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Oxidative Medicine and Cellular Longevity
Volume 2016, Article ID 5293284, 10 pages
Review Article

Roles of Reactive Oxygen Species in Anticancer Therapy with Salvia miltiorrhiza Bunge

Yu-Chiang Hung,1,2 Tai-Long Pan,3,4,5,6 and Wen-Long Hu1,7,8

1Department of Chinese Medicine, Kaohsiung Chang Gung Memorial Hospital and Chang Gung University College of Medicine, No. 123, Dapi Road, Niaosong District, Kaohsiung 83342, Taiwan
2School of Chinese Medicine for Post Baccalaureate, I-Shou University, No. 1, Sec. 1, Syuecheng Road, Dashu District, Kaohsiung 84001, Taiwan
3School of Traditional Chinese Medicine, Chang Gung University, No. 259 Wen-Hwa 1st Road, Kweishan, Taoyuan 33302, Taiwan
4Liver Research Center, Chang Gung Memorial Hospital, No. 259 Wen-Hwa 1st Road, Kweishan, Taoyuan 33302, Taiwan
5Research Center for Industry of Human Ecology, Chang Gung University of Science and Technology, Kweishan, Taoyuan 83302, Taiwan
6Department of Medical Research, China Medical University Hospital, China Medical University, No. 91 Hsush-Shih Road, Taichung 40402, Taiwan
7Kaohsiung Medical University College of Medicine, No. 100, Shihcyuan 1st Road, Sanmin District, Kaohsiung 807, Taiwan
8Fooyin University College of Nursing, No. 151, Chinhsueh Road, Ta-Liao District, Kaohsiung 831, Taiwan

Received 6 March 2016; Revised 16 June 2016; Accepted 27 June 2016

Academic Editor: Pavel P. Philippov

Copyright © 2016 Yu-Chiang Hung et al. This is an open access article distributed under the Creative Commons Attribution License, which permits unrestricted use, distribution, and reproduction in any medium, provided the original work is properly cited.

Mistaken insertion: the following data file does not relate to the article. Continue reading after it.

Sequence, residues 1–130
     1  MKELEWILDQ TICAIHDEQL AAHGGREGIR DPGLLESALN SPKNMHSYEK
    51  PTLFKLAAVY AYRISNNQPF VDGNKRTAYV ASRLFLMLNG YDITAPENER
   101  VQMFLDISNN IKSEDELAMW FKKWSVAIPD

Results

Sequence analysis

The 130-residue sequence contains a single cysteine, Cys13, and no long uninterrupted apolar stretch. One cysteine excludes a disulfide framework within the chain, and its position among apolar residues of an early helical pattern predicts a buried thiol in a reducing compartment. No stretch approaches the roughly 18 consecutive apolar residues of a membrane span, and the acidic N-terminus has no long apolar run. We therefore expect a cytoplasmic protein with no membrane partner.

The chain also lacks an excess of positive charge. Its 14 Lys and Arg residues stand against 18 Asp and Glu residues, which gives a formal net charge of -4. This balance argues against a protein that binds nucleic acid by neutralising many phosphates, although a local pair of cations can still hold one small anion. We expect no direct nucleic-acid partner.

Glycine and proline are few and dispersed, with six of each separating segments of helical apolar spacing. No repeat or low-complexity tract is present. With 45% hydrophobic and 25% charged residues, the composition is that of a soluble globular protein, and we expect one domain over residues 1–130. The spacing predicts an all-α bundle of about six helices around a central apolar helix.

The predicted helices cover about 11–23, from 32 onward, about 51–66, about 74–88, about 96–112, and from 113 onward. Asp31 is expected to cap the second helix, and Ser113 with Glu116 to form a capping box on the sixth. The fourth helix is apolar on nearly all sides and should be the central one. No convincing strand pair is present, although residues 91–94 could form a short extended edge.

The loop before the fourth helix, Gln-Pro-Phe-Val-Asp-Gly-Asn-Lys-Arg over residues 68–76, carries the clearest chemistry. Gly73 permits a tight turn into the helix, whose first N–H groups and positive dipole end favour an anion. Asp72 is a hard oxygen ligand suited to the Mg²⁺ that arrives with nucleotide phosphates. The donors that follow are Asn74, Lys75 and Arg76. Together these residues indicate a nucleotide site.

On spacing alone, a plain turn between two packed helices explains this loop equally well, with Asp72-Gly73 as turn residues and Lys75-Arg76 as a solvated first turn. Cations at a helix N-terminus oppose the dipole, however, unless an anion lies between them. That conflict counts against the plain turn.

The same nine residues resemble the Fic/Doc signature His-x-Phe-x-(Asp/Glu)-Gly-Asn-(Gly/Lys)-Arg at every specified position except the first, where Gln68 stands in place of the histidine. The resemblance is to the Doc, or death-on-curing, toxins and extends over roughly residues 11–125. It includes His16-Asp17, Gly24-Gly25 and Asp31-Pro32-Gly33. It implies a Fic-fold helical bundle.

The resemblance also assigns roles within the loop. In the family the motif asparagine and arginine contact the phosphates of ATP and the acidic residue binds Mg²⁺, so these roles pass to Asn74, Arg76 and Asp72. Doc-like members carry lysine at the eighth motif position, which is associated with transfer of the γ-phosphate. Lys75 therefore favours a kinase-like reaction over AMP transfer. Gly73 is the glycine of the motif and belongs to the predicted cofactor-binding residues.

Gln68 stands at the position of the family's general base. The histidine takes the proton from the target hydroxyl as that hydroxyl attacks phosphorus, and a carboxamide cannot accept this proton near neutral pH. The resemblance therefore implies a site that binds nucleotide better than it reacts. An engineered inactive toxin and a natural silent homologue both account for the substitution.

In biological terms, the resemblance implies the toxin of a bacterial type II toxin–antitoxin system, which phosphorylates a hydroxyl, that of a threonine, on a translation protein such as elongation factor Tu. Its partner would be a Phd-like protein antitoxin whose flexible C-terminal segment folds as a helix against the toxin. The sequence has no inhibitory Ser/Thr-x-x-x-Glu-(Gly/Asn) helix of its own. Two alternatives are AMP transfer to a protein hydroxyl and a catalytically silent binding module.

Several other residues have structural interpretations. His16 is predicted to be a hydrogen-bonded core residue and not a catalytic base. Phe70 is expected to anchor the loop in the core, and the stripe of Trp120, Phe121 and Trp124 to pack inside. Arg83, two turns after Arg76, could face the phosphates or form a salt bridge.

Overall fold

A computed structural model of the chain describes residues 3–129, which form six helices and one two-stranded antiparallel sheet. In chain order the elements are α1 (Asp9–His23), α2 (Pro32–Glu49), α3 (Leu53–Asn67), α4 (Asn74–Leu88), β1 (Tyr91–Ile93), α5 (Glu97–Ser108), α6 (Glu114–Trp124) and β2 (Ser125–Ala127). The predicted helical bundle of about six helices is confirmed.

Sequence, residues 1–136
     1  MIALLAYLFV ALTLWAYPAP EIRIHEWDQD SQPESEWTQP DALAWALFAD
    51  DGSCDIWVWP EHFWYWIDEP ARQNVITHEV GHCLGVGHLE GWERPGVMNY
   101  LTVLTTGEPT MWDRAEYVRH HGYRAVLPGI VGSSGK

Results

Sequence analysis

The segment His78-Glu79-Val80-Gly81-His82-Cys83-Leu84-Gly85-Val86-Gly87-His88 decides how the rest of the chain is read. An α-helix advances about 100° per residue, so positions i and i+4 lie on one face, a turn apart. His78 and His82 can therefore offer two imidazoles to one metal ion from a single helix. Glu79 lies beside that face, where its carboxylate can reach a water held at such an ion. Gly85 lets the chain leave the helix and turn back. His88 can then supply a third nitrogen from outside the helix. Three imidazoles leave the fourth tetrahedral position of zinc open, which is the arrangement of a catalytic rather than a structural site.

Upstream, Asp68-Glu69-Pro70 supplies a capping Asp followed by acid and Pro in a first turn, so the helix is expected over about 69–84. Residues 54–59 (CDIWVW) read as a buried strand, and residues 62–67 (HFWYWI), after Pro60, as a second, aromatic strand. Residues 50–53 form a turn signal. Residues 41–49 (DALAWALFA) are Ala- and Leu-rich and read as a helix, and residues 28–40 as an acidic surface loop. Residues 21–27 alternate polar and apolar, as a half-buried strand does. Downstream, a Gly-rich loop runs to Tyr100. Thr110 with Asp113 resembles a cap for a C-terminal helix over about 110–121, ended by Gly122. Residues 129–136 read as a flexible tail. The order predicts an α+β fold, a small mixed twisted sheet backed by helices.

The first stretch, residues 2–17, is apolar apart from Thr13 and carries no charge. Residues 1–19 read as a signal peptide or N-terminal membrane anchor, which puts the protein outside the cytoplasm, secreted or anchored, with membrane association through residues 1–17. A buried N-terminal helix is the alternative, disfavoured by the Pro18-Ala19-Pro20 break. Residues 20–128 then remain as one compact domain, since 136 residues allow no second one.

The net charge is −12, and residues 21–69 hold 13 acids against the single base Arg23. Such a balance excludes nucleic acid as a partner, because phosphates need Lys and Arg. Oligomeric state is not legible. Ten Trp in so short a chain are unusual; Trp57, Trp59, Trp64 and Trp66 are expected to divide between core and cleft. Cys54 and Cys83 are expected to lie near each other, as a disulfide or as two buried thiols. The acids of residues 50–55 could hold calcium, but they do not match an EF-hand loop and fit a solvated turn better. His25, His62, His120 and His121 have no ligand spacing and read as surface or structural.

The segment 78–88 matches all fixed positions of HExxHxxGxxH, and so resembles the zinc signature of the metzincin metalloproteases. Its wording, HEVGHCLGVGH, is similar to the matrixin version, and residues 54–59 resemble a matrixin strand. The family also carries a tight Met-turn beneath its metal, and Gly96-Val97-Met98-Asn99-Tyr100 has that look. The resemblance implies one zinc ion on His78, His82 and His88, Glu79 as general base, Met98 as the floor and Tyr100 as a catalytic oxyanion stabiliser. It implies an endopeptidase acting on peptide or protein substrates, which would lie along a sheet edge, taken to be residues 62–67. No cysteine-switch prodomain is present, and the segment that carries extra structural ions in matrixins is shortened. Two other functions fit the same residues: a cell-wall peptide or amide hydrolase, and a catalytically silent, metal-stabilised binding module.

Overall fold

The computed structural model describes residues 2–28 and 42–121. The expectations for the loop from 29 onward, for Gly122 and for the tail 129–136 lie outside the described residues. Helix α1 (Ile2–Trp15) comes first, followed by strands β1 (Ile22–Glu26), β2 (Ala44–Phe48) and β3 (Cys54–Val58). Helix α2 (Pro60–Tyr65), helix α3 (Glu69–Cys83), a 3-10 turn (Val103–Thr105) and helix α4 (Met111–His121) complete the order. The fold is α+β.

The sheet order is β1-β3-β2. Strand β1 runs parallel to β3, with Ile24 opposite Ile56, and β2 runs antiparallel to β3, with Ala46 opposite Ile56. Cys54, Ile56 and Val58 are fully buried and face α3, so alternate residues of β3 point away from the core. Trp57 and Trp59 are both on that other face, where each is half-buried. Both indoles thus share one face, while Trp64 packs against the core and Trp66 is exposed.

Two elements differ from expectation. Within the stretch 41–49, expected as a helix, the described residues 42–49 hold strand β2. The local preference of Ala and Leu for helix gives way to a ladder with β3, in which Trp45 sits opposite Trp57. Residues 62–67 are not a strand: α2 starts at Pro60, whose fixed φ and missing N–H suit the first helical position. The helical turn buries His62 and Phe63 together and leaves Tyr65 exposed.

Cancer is a leading cause of death worldwide. We aim to provide a systematic review about the roles of reactive oxygen species (ROS) in anticancer therapy with Salvia miltiorrhiza Bunge (Danshen). Danshen, including its lipophilic and hydrophilic constituents, is potentially beneficial for treating various cancers. The mechanisms of ROS-related anticancer effects of Danshen vary depending on the specific type of cancer cells involved. Danshen may enhance TNF-α-induced apoptosis, upregulate caspase-3, caspase-8, caspase-9, endoplasmic reticulum stress, P21, P53, Bax/Bcl-2, DR5, and AMP-activated protein kinase, or activate the p38/JNK, mitogen-activated protein kinase, and FasL signaling pathways. Conversely, Danshen may downregulate human telomerase reverse transcriptase mRNA, telomerase, survivin, vascular endothelial growth factor/vascular endothelial growth factor receptor 2, CD31, NF-κB, Erk1/2, matrix metalloproteinases, microtubule assembly, and receptor tyrosine kinases including epidermal growth factor receptors, HER2, and P-glycoprotein and inhibit the PI3K/Akt/mTOR or estrogen receptor signaling pathways. Therefore, Danshen may inhibit cancer cells proliferation through antioxidation on tumor initiation and induce apoptosis or autophagy through ROS generation on tumor progression, tumor promotion, and tumor metastasis. Based on the available evidence regarding its anticancer properties, this review provides new insights for further anticancer research or clinical trials with Danshen.